Some tips to take the guesswork out of buying that new fishin rig
If you are in the market for a new fishing rig, there may not be a better time to start shopping than now. Its boat show season in Texas. From now through the end of spring, boat dealers and manufacturers will gather in big cities and small towns alike to display many of their new models and all sorts of accessories.
Show time is prime time for prospective boat buyers, largely because it provides an opportunity to see and compare an assortment of makes and models all under the same roof. In many cases there are some pretty good bargains floating around, too. Particularly for qualified buyers able to take advantage of low interest rates.
Several factors can sway a decision when purchasing a boat. Cost is biggie with most buyers, while others place a whole lot of emphasis on brand, fancy paint jobs or sleek-looking appearance.
These are all elements worth thinking about. Just dont let any of them win you over without taking a long look at the big picture. Here are some boat buying tips to follow before you turn over the cash or sign on the dotted line:
One of the most important aspects to be considered when purchasing a boat is the type of fishing it will be used for.
If you plan to use it for tournament fishing or fishing big water lakes, it would be a good idea to go with a 18-21 foot fiberglass rig, not a 14-foot flatbottom. Not only will a high-performance boat get you to and from your fishing holes faster, but it will be much safer on the larger bodies of water when the wind gets up.
Weekend/pleasure fishermen may be perfectly satisfied with a flatbottom or semi-V made from aluminum long as it is outfitted properly. Metal boats are typically smaller, lighter and less expensive than fiberglass rigs. While best suited for small bodies of water and rivers, they also can be used on large reservoirs provided the navigator keeps a close watch on the weather.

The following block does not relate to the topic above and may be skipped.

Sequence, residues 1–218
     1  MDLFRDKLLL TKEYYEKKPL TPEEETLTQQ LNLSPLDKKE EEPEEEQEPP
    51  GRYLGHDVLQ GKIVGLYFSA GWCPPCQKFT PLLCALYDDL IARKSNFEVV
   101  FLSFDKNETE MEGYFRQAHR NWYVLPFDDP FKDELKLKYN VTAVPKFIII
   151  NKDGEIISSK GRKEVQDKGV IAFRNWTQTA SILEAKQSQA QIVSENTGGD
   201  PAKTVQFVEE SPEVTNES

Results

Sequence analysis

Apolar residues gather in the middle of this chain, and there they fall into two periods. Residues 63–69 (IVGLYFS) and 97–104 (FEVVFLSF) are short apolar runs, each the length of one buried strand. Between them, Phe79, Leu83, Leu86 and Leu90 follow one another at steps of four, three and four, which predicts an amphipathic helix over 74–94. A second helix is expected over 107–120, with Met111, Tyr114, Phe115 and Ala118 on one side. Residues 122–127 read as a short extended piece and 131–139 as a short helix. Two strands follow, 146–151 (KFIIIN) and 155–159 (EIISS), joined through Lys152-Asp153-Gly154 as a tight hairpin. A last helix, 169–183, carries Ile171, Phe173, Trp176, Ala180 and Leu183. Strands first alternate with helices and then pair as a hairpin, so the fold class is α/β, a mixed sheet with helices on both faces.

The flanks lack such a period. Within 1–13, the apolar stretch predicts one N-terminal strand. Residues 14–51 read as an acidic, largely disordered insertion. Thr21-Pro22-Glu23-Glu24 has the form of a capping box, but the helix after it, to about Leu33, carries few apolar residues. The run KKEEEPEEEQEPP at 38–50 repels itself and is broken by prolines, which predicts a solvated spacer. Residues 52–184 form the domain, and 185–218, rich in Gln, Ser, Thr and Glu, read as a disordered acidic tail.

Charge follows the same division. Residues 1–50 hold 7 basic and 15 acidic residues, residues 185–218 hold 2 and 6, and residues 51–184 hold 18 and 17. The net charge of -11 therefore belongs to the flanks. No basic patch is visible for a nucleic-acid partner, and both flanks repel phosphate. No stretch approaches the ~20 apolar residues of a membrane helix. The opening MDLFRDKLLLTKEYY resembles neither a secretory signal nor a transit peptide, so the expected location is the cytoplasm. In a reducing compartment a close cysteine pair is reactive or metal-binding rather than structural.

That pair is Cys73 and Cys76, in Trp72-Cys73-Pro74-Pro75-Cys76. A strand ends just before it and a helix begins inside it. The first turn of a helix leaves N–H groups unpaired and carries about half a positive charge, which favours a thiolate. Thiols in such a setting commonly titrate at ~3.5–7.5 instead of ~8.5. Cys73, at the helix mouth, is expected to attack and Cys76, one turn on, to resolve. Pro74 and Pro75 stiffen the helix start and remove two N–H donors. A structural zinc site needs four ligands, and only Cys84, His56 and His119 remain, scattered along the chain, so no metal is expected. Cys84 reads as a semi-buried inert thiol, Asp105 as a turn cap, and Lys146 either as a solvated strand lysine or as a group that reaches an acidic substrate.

Still another option is the combination fish/ski rig. These family-oriented boats generally provide more room for occupancy, whereas full-scale bass boats lean more towards casting room and storage space. There is still plenty of room to fish, just not as much.
No matter what style of boat you choose, be sure at outfit it with an outboard and meets the maximum horsepower rating. While a smaller engine might save you a few bucks, it will cost you in the performance department.
Dryness, comfort and maneuverability are three things to weigh very heavily in the selection. In my book, a boat that continually gets you wet in rough water or doesnt handle well at high speeds is as counterfeit as one that beats you to death in two-foot swells.
So, how do you know for certain a boat is all its cracked up to be?
Talking to other boat owners would be a good start, but you ultimately wont know for sure until you drive one. Ask the dealer for a test run. Most will have demos on hand for this purpose and will be more than happy to arrange a test drive for someone who is really serious about buying.
I like a boat with plenty of guts. A durable hull built to take a beating is a must. I also like one that offers lots of dry storage for things like tackle, rain gear and other accessories.
Large rod boxes are another feature to keep in mind, particularly for bass anglers who own multiple baitcasting outfits and rods longer than seven feet. The size of casting deck and amount of available floor space are two more elements to keep in mind. A boat with a dual console will naturally have less room to move around in than one with a single console. However, the dual console will provide two anglers with a windbreak rather than just one. You sacrifice room for comfort when choosing a dual console over a single and vice versa.
Price is always a major factor to consider when buying a boat. The amount you can expect to pay for a new fiberglass bass boat rigged for and ready to go will range from around $25,000 for a new entry level rig to $60,000 or more for a top-of-the-line rig outfitted with all the bells and whistles. Fully-rigged flatbottoms and semi-V hull aluminum rigs cost significantly less.